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Financing Local Development: Quasi-Experimental Evidence from Municipalities in Brazil, 1980-1991

  • Stephan Litschig
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    This paper uses a regression discontinuity design to estimate the impact of additional unrestricted grant financing on local public spending, public service provision, schooling, literacy, and income at the community (munic�pio) level in Brazil. Additional transfers increased local public spending per capita by about 20% with no evidence of crowding out own revenue or other revenue sources. The additional local spending increased schooling per capita by about 7% and literacy rates by about 4 percentage points. The implied marginal cost of schooling— accounting for corruption and other leakages— amounts to about US$ 126, which turns out to be similar to the average cost of schooling in Brazil in the early 1980s. In line with the effect on human capital, the poverty rate was reduced by about 4 percentage points, while income per capita gains were positive but not statistically significant. Results also suggest that additional public spending had stronger effects on schooling and literacy in less developed parts of Brazil, while poverty reduction was evenly spread across the country.

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    File URL: http://research.barcelonagse.eu/tmp/working_papers/510.pdf
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    Paper provided by Barcelona Graduate School of Economics in its series Working Papers with number 510.

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    Date of creation: Dec 2011
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    Handle: RePEc:bge:wpaper:510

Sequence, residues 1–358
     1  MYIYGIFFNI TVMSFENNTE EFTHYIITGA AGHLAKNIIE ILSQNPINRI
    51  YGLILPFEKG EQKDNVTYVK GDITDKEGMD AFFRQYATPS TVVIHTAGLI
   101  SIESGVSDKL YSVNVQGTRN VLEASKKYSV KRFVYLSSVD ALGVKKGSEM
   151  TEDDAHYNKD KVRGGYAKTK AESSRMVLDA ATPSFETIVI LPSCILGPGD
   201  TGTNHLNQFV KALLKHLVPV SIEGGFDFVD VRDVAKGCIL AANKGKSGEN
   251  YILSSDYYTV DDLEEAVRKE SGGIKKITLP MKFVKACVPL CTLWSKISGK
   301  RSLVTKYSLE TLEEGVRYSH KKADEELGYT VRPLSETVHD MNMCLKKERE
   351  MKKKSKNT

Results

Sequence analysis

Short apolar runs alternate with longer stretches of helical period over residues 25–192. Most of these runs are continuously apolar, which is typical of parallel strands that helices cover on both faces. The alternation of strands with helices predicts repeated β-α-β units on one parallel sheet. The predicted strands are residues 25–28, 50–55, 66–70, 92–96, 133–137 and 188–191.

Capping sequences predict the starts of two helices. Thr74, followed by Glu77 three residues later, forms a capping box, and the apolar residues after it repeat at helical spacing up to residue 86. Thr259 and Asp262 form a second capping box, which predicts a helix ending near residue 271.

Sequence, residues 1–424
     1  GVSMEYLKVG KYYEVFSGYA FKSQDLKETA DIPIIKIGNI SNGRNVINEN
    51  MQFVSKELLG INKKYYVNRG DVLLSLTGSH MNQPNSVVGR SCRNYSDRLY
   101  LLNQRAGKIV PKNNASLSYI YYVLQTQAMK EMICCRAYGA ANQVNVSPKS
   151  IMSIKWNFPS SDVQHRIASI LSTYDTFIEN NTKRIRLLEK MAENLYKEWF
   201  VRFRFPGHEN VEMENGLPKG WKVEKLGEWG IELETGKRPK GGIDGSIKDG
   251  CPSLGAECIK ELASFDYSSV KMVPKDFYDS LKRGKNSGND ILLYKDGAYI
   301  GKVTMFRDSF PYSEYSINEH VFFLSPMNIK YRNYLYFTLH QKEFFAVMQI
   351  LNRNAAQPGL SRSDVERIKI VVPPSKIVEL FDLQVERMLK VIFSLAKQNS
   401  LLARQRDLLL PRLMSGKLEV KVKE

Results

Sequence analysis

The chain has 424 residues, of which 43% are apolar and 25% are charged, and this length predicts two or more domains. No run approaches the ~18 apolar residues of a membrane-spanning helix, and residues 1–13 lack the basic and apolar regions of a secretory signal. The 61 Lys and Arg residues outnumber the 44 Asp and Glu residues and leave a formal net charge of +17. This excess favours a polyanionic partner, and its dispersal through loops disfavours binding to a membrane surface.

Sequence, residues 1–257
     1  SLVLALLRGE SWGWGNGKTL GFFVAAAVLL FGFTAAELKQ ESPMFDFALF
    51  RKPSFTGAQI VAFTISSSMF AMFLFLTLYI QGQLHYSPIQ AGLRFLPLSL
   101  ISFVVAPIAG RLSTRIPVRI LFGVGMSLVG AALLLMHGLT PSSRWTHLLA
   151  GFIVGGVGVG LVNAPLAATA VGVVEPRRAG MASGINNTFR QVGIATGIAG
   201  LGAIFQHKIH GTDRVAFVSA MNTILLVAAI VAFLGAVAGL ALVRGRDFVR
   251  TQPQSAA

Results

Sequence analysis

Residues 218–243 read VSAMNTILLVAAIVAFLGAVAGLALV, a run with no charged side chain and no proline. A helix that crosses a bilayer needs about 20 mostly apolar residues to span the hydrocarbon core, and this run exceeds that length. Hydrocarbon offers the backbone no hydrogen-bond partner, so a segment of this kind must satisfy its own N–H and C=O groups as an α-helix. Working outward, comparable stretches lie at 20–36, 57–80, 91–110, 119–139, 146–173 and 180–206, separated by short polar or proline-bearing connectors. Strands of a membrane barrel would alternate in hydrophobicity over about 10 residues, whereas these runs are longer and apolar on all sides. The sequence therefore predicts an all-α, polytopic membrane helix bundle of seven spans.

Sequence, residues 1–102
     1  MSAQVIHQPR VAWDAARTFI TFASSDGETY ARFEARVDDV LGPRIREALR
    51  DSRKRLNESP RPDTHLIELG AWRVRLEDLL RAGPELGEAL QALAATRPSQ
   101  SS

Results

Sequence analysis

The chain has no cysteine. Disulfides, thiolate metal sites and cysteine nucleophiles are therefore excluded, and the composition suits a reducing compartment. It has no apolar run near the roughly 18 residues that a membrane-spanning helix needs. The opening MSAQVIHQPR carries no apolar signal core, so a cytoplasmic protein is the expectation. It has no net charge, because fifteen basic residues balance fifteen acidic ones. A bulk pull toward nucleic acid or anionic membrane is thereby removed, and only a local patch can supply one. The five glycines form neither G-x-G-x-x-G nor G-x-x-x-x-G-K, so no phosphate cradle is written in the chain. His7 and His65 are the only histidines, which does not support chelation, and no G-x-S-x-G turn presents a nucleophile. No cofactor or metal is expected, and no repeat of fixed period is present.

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    1. Caselli, Francesco & Michaels, Guy, 2009. "Do Oil Windfalls Improve Living Standards? Evidence from Brazil," CEPR Discussion Papers 7579, C.E.P.R. Discussion Papers.
    2. Oriana Bandiera & Andrea Prat & Tommaso Valletti, 2009. "Active and Passive Waste in Government Spending: Evidence from a Policy Experiment," American Economic Review, American Economic Association, vol. 99(4), pages 1278-1308, September.
    3. Fernanda Brollo & Tommaso Nannicini & Roberto Perotti & Guido Tabellini, 2010. "The Political Resource Curse," NBER Working Papers 15705, National Bureau of Economic Research, Inc.
    4. David S. Lee & Thomas Lemieux, 2009. "Regression Discontinuity Designs In Economics," Working Papers 1118, Princeton University, Department of Economics, Industrial Relations Section..
    5. Ferraz, Claudio & Finan, Frederico S., 2007. "Exposing Corrupt Politicians: The Effects of Brazil’s Publicly Released Audits on Electoral Outcomes," IZA Discussion Papers 2836, Institute for the Study of Labor (IZA).
    6. Ritva Reinikka & Jakob Svensson, 2004. "Local Capture: Evidence From a Central Government Transfer Program in Uganda," The Quarterly Journal of Economics, MIT Press, vol. 119(2), pages 678-704, May.
    7. Birdsall, Nancy, 1985. "Public inputs and child schooling in Brazil," Journal of Development Economics, Elsevier, vol. 18(1), pages 67-86.
    8. Lee, David S., 2008. "Randomized experiments from non-random selection in U.S. House elections," Journal of Econometrics, Elsevier, vol. 142(2), pages 675-697, February.
    9. Guido Imbens & Thomas Lemieux, 2007. "Regression Discontinuity Designs: A Guide to Practice," NBER Technical Working Papers 0337, National Bureau of Economic Research, Inc.
    10. Chin, Aimee, 2005. "Can redistributing teachers across schools raise educational attainment? Evidence from Operation Blackboard in India," Journal of Development Economics, Elsevier, vol. 78(2), pages 384-405, December.
    11. Lavy, Victor, 1996. "School supply constraints and children's educational outcomes in rural Ghana," Journal of Development Economics, Elsevier, vol. 51(2), pages 291-314, December.
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